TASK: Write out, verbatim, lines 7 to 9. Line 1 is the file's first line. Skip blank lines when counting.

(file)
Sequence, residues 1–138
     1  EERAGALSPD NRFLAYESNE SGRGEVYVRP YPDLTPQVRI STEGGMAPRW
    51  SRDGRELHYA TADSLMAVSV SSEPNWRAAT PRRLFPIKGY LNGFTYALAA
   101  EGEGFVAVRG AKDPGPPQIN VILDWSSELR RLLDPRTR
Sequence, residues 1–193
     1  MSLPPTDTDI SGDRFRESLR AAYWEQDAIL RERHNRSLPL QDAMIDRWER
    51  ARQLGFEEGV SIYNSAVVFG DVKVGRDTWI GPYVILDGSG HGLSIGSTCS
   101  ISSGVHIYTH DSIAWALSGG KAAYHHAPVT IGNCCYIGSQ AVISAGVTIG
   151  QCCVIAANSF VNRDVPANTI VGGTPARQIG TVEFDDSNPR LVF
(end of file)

    51  ARQLGFEEGV SIYNSAVVFG DVKVGRDTWI GPYVILDGSG HGLSIGSTCS
   101  ISSGVHIYTH DSIAWALSGG KAAYHHAPVT IGNCCYIGSQ AVISAGVTIG
   151  QCCVIAANSF VNRDVPANTI VGGTPARQIG TVEFDDSNPR LVF